Day Three: An Object That Makes Me Feel At Home

expat blog challege, expat issues

I was thinking of all things snuggly, cuddly, warm, well-worn, and greatly loved, as I plotted the object most fit for this post – “an object that makes me feel at home.” My pillows. The backpack I’ve had since college that’s seen more places than many people. A t-shirt from high school thespian conference that I sleep in. But, no, the thing I settled on is neither soft, nor old (to me), I would not pack it on my travels, and it’s certainly not something I would sleep on, with or near.

The object of my affection is my dining room table.

Partner-in-Crime and I moved to Australia with two suitcases each, so our early days were rather sparse, materially speaking, and, if I’m honest, pretty depressing for me. We went into acquisition mode, though were rather limited by the logistics of the tiny studio-turned-one bedroom apartment we were living in. We still argue about the merits/dismerits of that place, as P-i-C mostly fondly remembers the big window overlooking beautiful Rushcutters Bay. I, on the other hand, pass right over that part, recalling, instead, the single closet, dorm fridge, and the saddest grey carpets you’ve ever seen. We ate on the floor, at first. Then, on our first trip to IKEA, we bought – of all things – a bookcase, which in hindsight is the most comical purchase, considering that we had maybe half a dozen books between us. We had nowhere to sit and nowhere to eat, but darn it if we didn’t have an Expedit. We were also then proud owners of a bookshelf box on which we ate many of our next meals. At one point, I even tried to get crafty and make some cardboard legs for it, but that worked out about as well as you’re probably imagining.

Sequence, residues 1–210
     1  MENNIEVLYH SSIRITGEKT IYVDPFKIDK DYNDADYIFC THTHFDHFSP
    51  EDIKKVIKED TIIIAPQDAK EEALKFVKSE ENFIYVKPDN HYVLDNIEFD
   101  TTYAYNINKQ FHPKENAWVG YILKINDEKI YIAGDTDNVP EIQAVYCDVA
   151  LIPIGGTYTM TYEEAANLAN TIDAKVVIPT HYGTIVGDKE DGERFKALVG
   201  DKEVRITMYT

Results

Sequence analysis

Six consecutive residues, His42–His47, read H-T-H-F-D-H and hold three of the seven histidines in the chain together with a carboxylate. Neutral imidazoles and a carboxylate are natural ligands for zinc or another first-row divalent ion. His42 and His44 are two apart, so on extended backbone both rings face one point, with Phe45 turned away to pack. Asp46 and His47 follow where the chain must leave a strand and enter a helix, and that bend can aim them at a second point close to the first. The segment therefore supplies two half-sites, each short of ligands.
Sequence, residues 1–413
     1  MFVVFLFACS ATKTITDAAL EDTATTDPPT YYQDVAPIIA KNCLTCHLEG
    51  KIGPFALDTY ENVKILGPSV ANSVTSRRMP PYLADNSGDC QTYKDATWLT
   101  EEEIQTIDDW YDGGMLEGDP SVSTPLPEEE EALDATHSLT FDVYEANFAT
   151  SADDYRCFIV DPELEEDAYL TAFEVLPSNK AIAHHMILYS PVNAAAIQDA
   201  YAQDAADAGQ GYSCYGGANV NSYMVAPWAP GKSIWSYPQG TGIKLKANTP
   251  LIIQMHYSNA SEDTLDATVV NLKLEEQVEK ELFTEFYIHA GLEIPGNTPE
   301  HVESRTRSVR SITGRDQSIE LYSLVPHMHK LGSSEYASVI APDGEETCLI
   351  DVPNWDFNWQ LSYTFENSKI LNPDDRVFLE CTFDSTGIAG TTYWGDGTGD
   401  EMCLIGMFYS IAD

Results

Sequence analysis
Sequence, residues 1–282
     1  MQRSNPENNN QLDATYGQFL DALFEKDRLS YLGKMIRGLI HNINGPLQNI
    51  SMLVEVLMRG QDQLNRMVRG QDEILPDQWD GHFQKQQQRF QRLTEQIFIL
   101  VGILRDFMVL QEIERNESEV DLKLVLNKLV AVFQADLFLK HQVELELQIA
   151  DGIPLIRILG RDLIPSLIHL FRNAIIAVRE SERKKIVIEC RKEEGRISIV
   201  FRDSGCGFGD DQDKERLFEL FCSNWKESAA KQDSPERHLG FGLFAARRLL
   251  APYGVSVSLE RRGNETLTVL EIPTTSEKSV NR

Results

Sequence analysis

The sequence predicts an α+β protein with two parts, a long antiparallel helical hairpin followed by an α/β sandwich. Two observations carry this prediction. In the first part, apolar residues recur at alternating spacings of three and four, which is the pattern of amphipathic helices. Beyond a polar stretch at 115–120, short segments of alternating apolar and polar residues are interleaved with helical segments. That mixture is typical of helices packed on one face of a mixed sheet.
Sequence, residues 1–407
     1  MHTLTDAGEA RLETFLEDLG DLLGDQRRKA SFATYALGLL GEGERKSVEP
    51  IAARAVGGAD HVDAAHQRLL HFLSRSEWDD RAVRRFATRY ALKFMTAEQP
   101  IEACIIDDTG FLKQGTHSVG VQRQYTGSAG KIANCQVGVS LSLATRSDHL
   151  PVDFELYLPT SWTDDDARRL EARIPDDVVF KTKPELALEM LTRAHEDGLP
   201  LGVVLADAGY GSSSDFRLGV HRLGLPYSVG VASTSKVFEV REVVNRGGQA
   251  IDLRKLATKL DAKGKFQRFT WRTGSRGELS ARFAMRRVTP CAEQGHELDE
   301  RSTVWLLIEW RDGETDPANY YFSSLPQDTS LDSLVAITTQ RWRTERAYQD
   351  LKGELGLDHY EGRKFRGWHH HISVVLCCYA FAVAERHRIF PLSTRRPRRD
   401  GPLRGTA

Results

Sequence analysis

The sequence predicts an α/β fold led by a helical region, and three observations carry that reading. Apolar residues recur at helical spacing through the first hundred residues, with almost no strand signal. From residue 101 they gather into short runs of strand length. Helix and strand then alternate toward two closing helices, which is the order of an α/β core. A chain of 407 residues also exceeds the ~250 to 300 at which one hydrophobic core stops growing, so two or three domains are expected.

Another trip to IKEA later and we did get a table. We chose it carefully to fit our space under the big window. It was actually a long, narrow work table with six legs, which I stained black. It served us well in that apartment (far better than the cardboard box, so things were looking up), but it was never meant to be a dining room table, just as that apartment was never meant for a couple with increasingly domestic tendencies.
When we moved to Neutral Bay, we had room for a proper dining room table, and in this apartment the IKEA work desk felt out of place. We hunted around and finally found our table at a vintage store in Glebe called Junktique, which is the sort of place where you’re just as likely to walk out with a movie poster from a 70’s porno or a Perry Como vinyl as you are a sofa or table. (We did just get the table, for the record). I loved this table. It had character. It only had five chairs. The salesman told us, “a set of four with a bonus chair!” We took it home.
I don’t know what the wood is, but it has a sort of laminate covering that we keep blemishing. The chairs are just a bit high for my non-petite legs to fit under the table without touching. I don’t care. The special aesthetic feature is the carving on each curvy leg, as well as the chairs. The special non-physical feature is that it is a big, weighty mass of furniture that I picked out myself. When you own a dining room table, you can’t just pack your stuff into two suitcases and hit the road. Owning a dining room table means that you live somewhere, that you have ties, that you need movers and not just a friend with a hatchback. Owning a dining room table is a commitment to a place and a lifestyle.

Meals together as a family are a very high priority to me. Growing up, my family always ate dinner together, and I know every spot and blemish on our dining room table. Every night, we sat together, turned the TV off, talked about our days, the news, what we believed in this world. We kids may not always have wanted to be there, but I can look back and know how that practice shaped me in so many ways. P-i-C and I also made a habit of eating dinner together most nights. Now that Hushpuppy is with us, we have a dinnertime trio and a 6th chair to complete our set. She eats the same meals we do at the same time, and the practice of gathering around our table to talk, connect, and break bread is well established. I cook most nights, and take a lot of pride in creating something healthy and nourishing for us to eat. Every day, we join up, as a family, at this table. This is where we are the most together, the most at home.